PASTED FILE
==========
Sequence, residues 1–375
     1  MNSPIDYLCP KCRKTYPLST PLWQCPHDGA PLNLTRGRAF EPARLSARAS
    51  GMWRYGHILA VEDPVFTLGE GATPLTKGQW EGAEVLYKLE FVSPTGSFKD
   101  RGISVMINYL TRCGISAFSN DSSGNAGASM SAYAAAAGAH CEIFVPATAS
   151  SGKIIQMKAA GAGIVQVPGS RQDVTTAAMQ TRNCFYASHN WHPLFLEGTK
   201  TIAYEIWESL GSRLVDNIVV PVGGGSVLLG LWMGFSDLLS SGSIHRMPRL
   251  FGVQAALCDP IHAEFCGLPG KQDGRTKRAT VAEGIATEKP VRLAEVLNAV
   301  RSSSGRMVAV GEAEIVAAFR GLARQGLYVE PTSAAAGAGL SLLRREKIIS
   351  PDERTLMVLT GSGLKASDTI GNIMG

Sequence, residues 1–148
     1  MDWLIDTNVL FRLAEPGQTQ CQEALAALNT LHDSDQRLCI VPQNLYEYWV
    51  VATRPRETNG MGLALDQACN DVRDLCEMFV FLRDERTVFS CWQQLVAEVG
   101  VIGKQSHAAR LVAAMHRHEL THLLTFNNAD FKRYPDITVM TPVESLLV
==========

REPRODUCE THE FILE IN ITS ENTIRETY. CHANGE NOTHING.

Sequence, residues 1–375
     1  MNSPIDYLCP KCRKTYPLST PLWQCPHDGA PLNLTRGRAF EPARLSARAS
    51  GMWRYGHILA VEDPVFTLGE GATPLTKGQW EGAEVLYKLE FVSPTGSFKD
   101  RGISVMINYL TRCGISAFSN DSSGNAGASM SAYAAAAGAH CEIFVPATAS
   151  SGKIIQMKAA GAGIVQVPGS RQDVTTAAMQ TRNCFYASHN WHPLFLEGTK
   201  TIAYEIWESL GSRLVDNIVV PVGGGSVLLG LWMGFSDLLS SGSIHRMPRL
   251  FGVQAALCDP IHAEFCGLPG KQDGRTKRAT VAEGIATEKP VRLAEVLNAV
   301  RSSSGRMVAV GEAEIVAAFR GLARQGLYVE PTSAAAGAGL SLLRREKIIS
   351  PDERTLMVLT GSGLKASDTI GNIMG

Sequence, residues 1–148
     1  MDWLIDTNVL FRLAEPGQTQ CQEALAALNT LHDSDQRLCI VPQNLYEYWV
    51  VATRPRETNG MGLALDQACN DVRDLCEMFV FLRDERTVFS CWQQLVAEVG
   101  VIGKQSHAAR LVAAMHRHEL THLLTFNNAD FKRYPDITVM TPVESLLV